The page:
Executive power is moving outside the government
By Richard Kagan
Six years ago, I reviewed Rachel Maddow’s book, Drift, which argued that the President’s executive power has moved gradually “outside” the control of Congress. Generally, the cause for the weakness of the Congress has been laid at the internecine civil war like atmosphere of the political parties. This erosion of governance has quietly affected the military through the privatization of military contractors with enormous authority to engage the threats to our security which result in hidden costs, a lack of transparency, and limited oversight.
Rereading the book today, it appears prescient yet too mild. “Drift” is hardly an appropriate term for the erosion of public policy in the hands of a leader on the loose and his unsupervised military forces. President Trump has led the charge to refinance the military with super-sized new funds for large-scale weapons, for proposed trips to outer space, and for plans to make a spectacle of a massive and expensive military parade. The purpose of these budgets is not to engage in long-term military strategy but to enhance President Trump’s popularity. Strategically, they have had little impact on our adversaries.
In fact, Trump wants to withdraw our military from Asia, Europe, and the Middle East. His policy is to disconnect with the military forces of our allies. He arbitrarily canceled military exercises with South Korea. He also shuns the E.U. and NATO, argues for the retreat of our advisors and soldiers from Syria, and denies the threat from Russia.
The major organs of the military have been shopped out. Beginning with Erik Prince–American businessman, former U.S. navy SEAL officer, known for founding a government services and security company– there has been a proliferation of private and often secret operations in America and abroad. Prince himself has several secretive training camps for anti-terrorism in China. Veterans are involved in corporate security operations throughout the world.
The White House has initiated a wholesale change of employees and medical services in the Veterans Administration which will place it more in private hands. The new administration is being staffed by Trump loyalists and by people with less experience and professionalism than their predecessors. The Veterans are given the opportunity to receive medical care in clinics and hospitals outside the domain of the VA. This private care is not necessarily included within the guide lines of Federal regulations nor does it provide venues of public complaints and evaluations.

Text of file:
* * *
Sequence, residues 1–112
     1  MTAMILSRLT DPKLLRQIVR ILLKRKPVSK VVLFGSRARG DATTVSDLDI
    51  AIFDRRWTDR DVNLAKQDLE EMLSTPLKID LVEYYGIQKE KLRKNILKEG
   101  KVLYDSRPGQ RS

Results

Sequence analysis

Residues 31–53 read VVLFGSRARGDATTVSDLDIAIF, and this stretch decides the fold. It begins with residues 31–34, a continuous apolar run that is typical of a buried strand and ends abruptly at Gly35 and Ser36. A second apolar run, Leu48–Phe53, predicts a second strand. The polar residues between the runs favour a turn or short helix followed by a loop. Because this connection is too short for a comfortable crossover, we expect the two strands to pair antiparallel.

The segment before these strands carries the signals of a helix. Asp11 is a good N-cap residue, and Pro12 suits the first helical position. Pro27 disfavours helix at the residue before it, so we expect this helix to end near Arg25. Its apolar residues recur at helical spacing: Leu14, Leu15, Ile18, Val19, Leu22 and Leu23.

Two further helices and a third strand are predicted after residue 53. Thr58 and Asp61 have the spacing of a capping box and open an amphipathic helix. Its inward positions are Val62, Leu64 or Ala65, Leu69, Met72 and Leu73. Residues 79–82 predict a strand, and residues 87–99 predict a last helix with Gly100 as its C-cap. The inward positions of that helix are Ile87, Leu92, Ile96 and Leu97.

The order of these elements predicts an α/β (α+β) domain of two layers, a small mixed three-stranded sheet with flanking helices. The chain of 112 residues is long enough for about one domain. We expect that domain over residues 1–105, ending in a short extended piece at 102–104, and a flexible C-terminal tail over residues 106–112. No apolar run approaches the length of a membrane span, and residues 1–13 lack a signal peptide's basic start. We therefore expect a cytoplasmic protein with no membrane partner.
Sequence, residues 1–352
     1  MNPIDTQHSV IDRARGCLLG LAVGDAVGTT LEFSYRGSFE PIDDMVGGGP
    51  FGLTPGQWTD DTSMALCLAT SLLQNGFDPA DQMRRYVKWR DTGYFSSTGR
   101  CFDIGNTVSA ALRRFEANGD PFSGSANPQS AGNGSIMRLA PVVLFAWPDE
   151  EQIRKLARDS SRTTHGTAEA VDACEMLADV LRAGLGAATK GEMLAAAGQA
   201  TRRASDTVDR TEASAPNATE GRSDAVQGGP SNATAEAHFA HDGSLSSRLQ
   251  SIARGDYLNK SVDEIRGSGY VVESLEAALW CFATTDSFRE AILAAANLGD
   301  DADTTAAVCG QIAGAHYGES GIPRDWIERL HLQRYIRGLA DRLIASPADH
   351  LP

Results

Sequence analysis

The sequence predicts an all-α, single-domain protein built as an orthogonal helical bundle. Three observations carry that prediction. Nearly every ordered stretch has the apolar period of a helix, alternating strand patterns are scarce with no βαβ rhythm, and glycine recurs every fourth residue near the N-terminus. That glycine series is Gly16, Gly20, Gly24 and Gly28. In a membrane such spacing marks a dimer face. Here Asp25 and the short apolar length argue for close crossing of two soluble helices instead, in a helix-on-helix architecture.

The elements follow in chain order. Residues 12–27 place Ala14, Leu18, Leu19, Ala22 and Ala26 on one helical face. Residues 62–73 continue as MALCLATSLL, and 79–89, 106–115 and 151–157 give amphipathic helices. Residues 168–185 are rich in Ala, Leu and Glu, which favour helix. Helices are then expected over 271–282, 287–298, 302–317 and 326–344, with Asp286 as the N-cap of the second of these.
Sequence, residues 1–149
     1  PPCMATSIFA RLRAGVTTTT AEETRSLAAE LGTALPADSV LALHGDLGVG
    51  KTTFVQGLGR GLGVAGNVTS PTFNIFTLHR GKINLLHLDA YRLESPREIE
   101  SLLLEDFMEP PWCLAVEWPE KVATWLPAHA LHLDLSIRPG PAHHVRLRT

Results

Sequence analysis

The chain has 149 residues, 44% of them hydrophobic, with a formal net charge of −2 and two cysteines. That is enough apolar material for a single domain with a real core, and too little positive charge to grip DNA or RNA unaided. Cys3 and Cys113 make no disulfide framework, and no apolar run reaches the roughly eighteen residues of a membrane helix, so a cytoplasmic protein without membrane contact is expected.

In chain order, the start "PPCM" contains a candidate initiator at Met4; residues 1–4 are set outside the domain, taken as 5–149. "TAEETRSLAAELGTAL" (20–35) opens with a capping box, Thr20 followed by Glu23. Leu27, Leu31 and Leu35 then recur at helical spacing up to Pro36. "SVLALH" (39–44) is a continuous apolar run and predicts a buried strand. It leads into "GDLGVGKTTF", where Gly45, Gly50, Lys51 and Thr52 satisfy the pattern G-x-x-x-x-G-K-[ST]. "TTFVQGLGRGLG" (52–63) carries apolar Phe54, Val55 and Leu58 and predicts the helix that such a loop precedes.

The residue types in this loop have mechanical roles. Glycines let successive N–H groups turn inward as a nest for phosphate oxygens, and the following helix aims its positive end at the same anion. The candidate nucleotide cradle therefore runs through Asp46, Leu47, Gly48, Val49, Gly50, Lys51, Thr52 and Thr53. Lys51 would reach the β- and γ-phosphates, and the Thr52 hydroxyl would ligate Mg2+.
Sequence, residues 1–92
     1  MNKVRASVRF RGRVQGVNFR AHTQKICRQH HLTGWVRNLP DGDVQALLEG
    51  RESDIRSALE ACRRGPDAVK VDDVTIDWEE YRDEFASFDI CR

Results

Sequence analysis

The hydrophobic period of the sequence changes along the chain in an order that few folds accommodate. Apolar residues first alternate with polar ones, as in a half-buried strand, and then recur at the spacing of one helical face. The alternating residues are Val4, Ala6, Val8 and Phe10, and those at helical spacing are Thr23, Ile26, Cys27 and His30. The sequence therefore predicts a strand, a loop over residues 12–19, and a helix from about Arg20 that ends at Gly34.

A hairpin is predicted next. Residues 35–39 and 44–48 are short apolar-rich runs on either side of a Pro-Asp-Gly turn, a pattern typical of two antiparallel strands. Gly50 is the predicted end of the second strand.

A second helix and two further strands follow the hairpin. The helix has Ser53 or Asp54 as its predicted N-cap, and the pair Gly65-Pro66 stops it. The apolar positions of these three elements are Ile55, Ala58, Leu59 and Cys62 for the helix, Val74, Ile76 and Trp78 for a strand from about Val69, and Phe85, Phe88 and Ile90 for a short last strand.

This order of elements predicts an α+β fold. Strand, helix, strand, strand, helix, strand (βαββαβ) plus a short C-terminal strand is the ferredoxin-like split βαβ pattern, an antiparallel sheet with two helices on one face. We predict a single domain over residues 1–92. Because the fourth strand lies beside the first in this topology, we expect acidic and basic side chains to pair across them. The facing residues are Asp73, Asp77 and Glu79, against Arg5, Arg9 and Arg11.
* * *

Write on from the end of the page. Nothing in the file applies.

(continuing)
The President is the Commander and Chief of the Armed Forces. But the executive office has control of other agencies that possess the authority to use weapons and the right to arrest and punish civilians. A primary example of this is the Border Police along with the officers in Homeland Security, ICE, and Federal Marshalls among others. All of them can evade necessary transparency, and they have territorial jurisdiction throughout the United States.
We are now witnessing the products of this conglomeration of violent authority which is abusing immigrant families, kidnapping yet limited in returning children who are separated from their parents, holding infants, young men and women in secret prisons without any legal recourse to investigate abuse, and expending a budget of billions of dollars over which there is no public accountability.
This system and these repressive behaviors could consume investigators who are trained in the issues of crimes against humanity. We need to sensitize the public to the ingredients and enforcement of this “Drift” by an executive power unmoored from law, democracy, and our values by realizing the negative present and future consequences to our national security and way of life.
A re-edited Maddow book demands a new title to reflect these changes. Perhaps something like: Scuba Diving—Seeking a Submerged America.
Richard Kagan, Ph.D., is a regular contributor to the Asian American Press and is considered a foremost scholar on Taiwan and China. He is a professor emeritus of East Asian history at Hamline University in St. Paul, Minn.
Kagan writes a regular column for the Fergus Falls Daily Journal in Minnesota and also provides it to the Asian American Press.